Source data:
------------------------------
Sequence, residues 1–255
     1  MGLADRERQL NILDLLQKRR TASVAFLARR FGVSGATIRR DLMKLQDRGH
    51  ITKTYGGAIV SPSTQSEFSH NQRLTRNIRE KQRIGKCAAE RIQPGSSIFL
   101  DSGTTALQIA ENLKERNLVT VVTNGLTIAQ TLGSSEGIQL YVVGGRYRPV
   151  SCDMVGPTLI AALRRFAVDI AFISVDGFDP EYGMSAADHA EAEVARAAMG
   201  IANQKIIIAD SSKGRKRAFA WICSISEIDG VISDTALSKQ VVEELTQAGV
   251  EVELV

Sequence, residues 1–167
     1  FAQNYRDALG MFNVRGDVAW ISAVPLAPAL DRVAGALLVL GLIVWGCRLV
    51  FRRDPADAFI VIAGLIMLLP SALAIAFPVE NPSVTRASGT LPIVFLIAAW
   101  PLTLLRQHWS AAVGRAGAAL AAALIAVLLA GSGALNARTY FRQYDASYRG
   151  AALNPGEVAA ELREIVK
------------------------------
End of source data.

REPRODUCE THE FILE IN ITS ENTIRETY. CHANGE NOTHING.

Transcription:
Sequence, residues 1–255
     1  MGLADRERQL NILDLLQKRR TASVAFLARR FGVSGATIRR DLMKLQDRGH
    51  ITKTYGGAIV SPSTQSEFSH NQRLTRNIRE KQRIGKCAAE RIQPGSSIFL
   101  DSGTTALQIA ENLKERNLVT VVTNGLTIAQ TLGSSEGIQL YVVGGRYRPV
   151  SCDMVGPTLI AALRRFAVDI AFISVDGFDP EYGMSAADHA EAEVARAAMG
   201  IANQKIIIAD SSKGRKRAFA WICSISEIDG VISDTALSKQ VVEELTQAGV
   251  EVELV

Sequence, residues 1–167
     1  FAQNYRDALG MFNVRGDVAW ISAVPLAPAL DRVAGALLVL GLIVWGCRLV
    51  FRRDPADAFI VIAGLIMLLP SALAIAFPVE NPSVTRASGT LPIVFLIAAW
   101  PLTLLRQHWS AAVGRAGAAL AAALIAVLLA GSGALNARTY FRQYDASYRG
   151  AALNPGEVAA ELREIVK